About Frances Evelyn:
Frances lives in Rutland, the smallest county in England, with her husband, two sons who are currently too old for stories and magic, and a cockerpoo who protects them from shadows.
She tells stories with a strong sense of place and of history. The Changeling Tree series, which combines time-travel, Faerie games and family saga, is embedded in the history of Leicester and the surrounding countryside. Bibliomancer imagines a sinister group meeting in the quaint market-town of Oakham.
Frances's readers enjoy her rounded characters, lively dialogue and unpredictable storylines.
What inspires you to write?
Sometimes it'll be an idea (What if fairies still existed?) or a situation (What if you really could escape into a book?) or a character's voice that comes into my head. Whatever it is, I'll mull it over for a good while before setting pen to paper. The thing that keeps me writing is readers' reviews. Much as I love writing, there'd be little point doing it if no-one enjoyed reading my books!
What authors do you read when you aren’t writing?
I love Jane Austen, which will be obvious to readers of Bibliomancer. Diane Setterfield writes beautiful historical fantasy and Neil Gaimon is fabulously creative. Among indie authors, I particularly love Shirley Gilmore, Ash Fitzsimmons and Joan I. Wendland, who write funny, moving and thought-provoking fantasy anchored in a realistic version of the real world.
Tell us about your writing process.
Once I've got a general sense of where the story is going, which is all in my head, I sit down to write. When characters start to develop a voice of their own, I sometimes find that it's not credible for them to do the things I'd intended them to do, and the story might take a different direction entirely.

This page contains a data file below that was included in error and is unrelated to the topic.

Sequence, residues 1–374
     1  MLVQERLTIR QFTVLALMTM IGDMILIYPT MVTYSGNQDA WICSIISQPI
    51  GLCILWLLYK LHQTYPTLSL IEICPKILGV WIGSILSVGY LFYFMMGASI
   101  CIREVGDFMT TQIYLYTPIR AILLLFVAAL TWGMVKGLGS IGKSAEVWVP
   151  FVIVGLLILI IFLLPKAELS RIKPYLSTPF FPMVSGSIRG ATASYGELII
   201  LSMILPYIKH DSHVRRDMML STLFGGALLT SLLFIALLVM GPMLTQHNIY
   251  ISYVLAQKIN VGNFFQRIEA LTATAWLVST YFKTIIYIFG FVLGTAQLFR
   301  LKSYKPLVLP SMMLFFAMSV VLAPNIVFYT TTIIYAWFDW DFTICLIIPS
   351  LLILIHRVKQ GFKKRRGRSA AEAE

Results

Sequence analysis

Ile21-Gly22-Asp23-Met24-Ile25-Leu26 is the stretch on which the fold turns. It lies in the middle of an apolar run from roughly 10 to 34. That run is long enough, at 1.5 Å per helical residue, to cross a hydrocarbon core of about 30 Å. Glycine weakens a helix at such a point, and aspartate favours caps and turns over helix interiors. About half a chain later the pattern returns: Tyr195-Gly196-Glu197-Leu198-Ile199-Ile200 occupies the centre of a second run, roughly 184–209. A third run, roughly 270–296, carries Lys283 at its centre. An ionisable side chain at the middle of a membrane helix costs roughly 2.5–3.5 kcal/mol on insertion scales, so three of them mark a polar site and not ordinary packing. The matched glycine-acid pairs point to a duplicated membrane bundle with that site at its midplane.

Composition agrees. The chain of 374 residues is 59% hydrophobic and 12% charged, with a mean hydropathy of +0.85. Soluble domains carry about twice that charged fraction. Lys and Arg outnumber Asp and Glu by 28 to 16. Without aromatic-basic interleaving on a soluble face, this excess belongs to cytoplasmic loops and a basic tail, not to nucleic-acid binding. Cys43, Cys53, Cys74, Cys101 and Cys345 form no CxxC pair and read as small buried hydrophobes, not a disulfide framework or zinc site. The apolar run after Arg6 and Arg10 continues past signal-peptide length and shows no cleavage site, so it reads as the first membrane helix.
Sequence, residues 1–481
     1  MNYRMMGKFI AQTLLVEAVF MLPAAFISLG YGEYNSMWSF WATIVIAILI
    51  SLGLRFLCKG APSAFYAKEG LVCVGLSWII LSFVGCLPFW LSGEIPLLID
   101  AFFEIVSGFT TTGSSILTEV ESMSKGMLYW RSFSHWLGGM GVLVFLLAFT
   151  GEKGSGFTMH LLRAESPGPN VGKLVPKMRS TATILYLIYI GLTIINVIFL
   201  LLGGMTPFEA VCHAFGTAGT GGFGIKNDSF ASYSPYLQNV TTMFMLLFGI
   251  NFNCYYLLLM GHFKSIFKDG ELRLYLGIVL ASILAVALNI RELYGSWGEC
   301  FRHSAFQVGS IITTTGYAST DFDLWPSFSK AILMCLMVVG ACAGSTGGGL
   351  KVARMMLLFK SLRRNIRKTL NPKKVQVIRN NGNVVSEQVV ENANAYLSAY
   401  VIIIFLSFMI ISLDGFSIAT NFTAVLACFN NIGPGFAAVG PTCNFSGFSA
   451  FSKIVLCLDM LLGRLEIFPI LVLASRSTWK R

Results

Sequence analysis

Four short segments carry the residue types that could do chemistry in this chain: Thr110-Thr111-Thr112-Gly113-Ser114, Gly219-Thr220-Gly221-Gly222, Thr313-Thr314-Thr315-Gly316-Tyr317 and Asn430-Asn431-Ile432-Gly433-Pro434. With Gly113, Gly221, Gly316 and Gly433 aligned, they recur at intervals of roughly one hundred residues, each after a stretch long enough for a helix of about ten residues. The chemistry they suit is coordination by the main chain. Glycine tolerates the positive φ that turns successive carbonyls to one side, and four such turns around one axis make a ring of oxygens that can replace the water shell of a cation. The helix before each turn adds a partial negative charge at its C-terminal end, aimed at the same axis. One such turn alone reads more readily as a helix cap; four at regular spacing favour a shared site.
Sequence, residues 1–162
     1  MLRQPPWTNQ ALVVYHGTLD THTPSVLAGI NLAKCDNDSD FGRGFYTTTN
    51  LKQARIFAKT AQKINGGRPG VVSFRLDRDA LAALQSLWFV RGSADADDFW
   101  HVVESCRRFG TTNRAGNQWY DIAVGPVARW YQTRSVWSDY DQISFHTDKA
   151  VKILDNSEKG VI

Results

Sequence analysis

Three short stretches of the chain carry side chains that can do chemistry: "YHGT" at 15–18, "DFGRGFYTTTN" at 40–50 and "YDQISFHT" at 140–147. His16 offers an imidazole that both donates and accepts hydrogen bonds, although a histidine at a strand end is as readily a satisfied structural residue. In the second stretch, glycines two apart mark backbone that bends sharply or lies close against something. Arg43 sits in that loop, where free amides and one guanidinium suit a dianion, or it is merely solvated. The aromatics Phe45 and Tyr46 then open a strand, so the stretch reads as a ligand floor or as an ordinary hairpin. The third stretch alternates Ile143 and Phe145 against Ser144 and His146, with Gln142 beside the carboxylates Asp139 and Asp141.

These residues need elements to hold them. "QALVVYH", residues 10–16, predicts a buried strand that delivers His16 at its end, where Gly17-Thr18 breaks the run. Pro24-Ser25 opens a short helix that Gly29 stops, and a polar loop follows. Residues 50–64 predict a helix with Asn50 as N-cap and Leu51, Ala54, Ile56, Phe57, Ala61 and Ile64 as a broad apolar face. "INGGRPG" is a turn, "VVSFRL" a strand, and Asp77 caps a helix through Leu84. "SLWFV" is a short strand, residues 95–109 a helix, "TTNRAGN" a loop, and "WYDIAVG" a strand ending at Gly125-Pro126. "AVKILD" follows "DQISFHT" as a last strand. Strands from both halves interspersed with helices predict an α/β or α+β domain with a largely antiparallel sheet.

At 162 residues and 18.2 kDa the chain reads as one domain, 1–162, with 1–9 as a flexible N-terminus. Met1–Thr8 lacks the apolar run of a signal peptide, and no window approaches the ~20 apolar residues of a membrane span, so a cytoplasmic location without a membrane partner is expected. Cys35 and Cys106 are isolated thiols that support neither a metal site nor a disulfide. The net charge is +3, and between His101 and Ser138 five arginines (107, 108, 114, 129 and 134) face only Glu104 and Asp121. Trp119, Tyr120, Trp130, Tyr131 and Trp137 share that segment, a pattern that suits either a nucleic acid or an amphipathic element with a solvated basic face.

I have a condition called aphantasia, which means I can't visualise my characters or settings (or anything else) in my mind, so I do have to make notes and draw diagrams and save photos to ensure that I'm consistent. For me, visual description has to add to the atmosphere or the plot in some way — I don't generally describe what my characters are wearing, for example, because it doesn't matter to me.
Once I've got a complete first draft, I take a break from it and work on something else for a while, and then go back and read it more objectively. The next stage is lots of editing — cutting out scenes and characters and whole sub-plots sometimes to make the story work, and I read everything aloud to make sure the dialogue is convincing and that the characters have distinct voices.
For Fiction Writers: Do you listen (or talk to) to your characters?
Neither, but when I'm writing, I feel as if I'm inhabiting them.
What advice would you give other writers?
You need to know why you're writing and who you're writing for. If selling lots of copies is your most important motivation, write to a formula that's already succeeding. If it's the pleasure of creativity that keeps you going, you'll have to work harder for sales.
How did you decide how to publish your books?
I self-publish on Amazon because I already had writing and publishing experience and I was impatient to get my stories out there. I know a lot more about marketing and publicity now than I did when I started!
Obviously it's better to have an agent and a big publisher, if that's possible, but publishing with a small press isn't necessarily less work or more profitable than doing it yourself.
What do you think about the future of book publishing?
I don't think the joy of reading is ever going to be lost, despite the many distractions of everyday life, though the catastrophic changes to the way English is taught in UK schools have taken a toll. All the same, once they're hooked, readers will read. E-books have made this more convenient than ever — my holiday books used to take up half my suitcase.
It seems likely that the number of published titles will continue to grow because it's so easy to self-publish. At the same time, established writers and people who are famous in other fields top the best-seller lists, and the algorithmic tides will carry on narrowing the books presented to readers. Small publishing houses may not be viable if these trends continue.
What genres do you write?: contemporary real-world fantasy
What formats are your books in?: Both eBook and Print
All information in this post is presented “as is” supplied by the author. We don’t edit to allow you the reader to hear the author in their own voice.